According to the White House's statement last night, quoted in the Times: "There is other reporting to suggest that Iraq tried to obtain uranium from Africa. However, the information is not detailed or specific enough for us to be certain that attempts were in fact made." A "senior administration official" told the Post that there were "possible attempts" by Iraqis to buy uranium in Namibia and Gabon but that those reports "were all somewhat sketchy."

(I translate this roughly as: "It's not true that we had no other information. We had some. But it was information so fragmentary, questionable and meaningless that we'd really just as soon not go into it." Further translation: according to the distinct recollection of Ahmed Chalabi's brother's butler ...)

The new White House line leaves just as many unanswered questions as before. Did the White House know the CIA had reported that the story was bogus or not? If they didn't know there were problems with the Niger documents, why the big fuss about hanging the allegations on what the Brits said? And if they did know about the problems with the Niger documents, why use the Brits' report as a fig leaf, when their claims were based on the same Niger documents the CIA -- i.e., our lead intelligence agency -- had already decided were bogus? Who approved putting it in the speech in the first place and was that line run by intelligence officials or not?

Both the Times (David Sanger) and the Post (Walter Pincus) have stories on these latest developments today. But surprisingly, Pincus doesn't get into any of the obvious questions which the new White House line poses. Sanger's piece goes much further and asks a lot of those questions.

Maybe I shouldn't be surprised that Sanger's piece is more aggressive and incisive. He, after all, was the 'David' who Fleischer was sparring with in yesterday's interchange.

Okay, I have to confess. I came up a little short on the Niger-uranium exchange Ari Fleischer had this morning in the gaggle. I was going to come up with something clever to say about it or point out the merciless spinning. But it's so incomprehensible I couldn't manage it. So I'm just going to reproduce a portion of the transcript in its entirety.

Now keep in mind that one of the things the White House has said about the Niger-uranium issue is that even though the Niger documents were bogus, the White House had other evidence to support the president's claim. In other words, White House intelligence that was so top secret that it apparently couldn't be shared with the CIA either then or even now. In any case, let's go to the tape ...

Q: Can you give us the White House account of Ambassador Wilson's account of what happened when he went to Niger and investigated the suggestions that Niger was passing yellow cake to Iraq? I'm sure you saw the piece yesterday in The New York Times.

FLEISCHER: Well, there is zero, nada, nothing new here. Ambassador Wilson, other than the fact that now people know his name, has said all this before. But the fact of the matter is in his statements about the Vice President -- the Vice President's office did not request the mission to Niger. The Vice President's office was not informed of his mission and he was not aware of Mr. Wilson's mission until recent press accounts -- press reports accounted for it.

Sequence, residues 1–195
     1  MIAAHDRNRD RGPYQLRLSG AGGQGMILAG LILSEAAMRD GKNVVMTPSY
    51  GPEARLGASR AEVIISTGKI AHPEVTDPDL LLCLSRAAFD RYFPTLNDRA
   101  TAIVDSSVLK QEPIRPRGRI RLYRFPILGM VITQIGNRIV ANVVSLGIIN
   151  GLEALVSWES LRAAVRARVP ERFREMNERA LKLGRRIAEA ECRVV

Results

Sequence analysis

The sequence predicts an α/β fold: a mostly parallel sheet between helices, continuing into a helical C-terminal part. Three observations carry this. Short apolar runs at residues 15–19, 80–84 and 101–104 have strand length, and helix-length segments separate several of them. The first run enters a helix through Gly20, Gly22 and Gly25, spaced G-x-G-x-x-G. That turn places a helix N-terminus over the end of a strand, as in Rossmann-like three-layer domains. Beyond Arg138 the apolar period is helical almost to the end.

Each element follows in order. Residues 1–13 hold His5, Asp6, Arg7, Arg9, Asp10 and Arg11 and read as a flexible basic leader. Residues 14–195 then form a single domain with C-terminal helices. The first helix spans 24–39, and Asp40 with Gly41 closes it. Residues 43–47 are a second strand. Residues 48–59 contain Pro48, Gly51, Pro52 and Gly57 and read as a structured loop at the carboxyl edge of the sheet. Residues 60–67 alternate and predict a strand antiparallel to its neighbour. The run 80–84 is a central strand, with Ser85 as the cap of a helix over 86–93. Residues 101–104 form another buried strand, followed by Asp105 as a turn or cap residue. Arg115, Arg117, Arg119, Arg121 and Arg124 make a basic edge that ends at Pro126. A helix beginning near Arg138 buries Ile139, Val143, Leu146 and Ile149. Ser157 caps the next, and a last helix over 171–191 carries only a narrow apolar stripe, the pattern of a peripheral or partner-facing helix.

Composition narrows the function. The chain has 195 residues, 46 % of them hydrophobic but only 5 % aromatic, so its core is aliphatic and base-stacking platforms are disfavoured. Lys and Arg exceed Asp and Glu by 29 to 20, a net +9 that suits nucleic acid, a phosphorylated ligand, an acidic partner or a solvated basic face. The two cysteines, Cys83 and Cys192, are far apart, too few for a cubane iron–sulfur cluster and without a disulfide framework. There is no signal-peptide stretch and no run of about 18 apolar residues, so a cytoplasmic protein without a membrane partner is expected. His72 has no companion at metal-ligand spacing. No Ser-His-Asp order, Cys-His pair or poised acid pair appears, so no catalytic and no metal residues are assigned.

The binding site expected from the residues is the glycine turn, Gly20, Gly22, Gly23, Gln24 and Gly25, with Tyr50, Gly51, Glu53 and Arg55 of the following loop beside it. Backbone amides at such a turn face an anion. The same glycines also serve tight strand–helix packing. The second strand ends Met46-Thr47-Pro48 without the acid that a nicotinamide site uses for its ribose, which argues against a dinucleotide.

So this was something that the CIA undertook as part of their regular review of events, where they sent him. But they sent him on their own volition, and the Vice President's office did not request it. Now, we've long acknowledged -- and this is old news, we've said this repeatedly -- that the information on yellow cake did, indeed, turn out to be incorrect.

[Here there were questions unrelated to the Niger-uranium issue - tpm ed. note]

Q: I just want to take you back to your answer before, when you said you have long acknowledged that the information on yellow cake turned out to be incorrect. If I remember right, you only acknowledged the Niger part of it as being incorrect -- I think what the --

FLEISCHER: That's correct.

Q: I think what the President said during his State of the Union was he --

FLEISCHER: When I refer to yellow cake I refer to Niger. The question was on the context of Ambassador Wilson's mission.

Q: So are you saying the President's broader reference to Africa, which included other countries that were named in the NIE, were those also incorrect?

FLEISCHER: Well, I think the President's statement in the State of the Union was much broader than the Niger question.

Q: Is the President's statement correct?

FLEISCHER: I'm referring specifically to the Niger piece when I say that.

Q: Do you hold that the President -- when you look at the totality of the sentence that the President uttered that day on the subject, are you confident that he was correct?

FLEISCHER: Yes, I see nothing that goes broader that would indicate that there was no basis to the President's broader statement. But specifically on the yellow cake, the yellow cake for Niger, we've acknowledged that that information did turn out to be a forgery.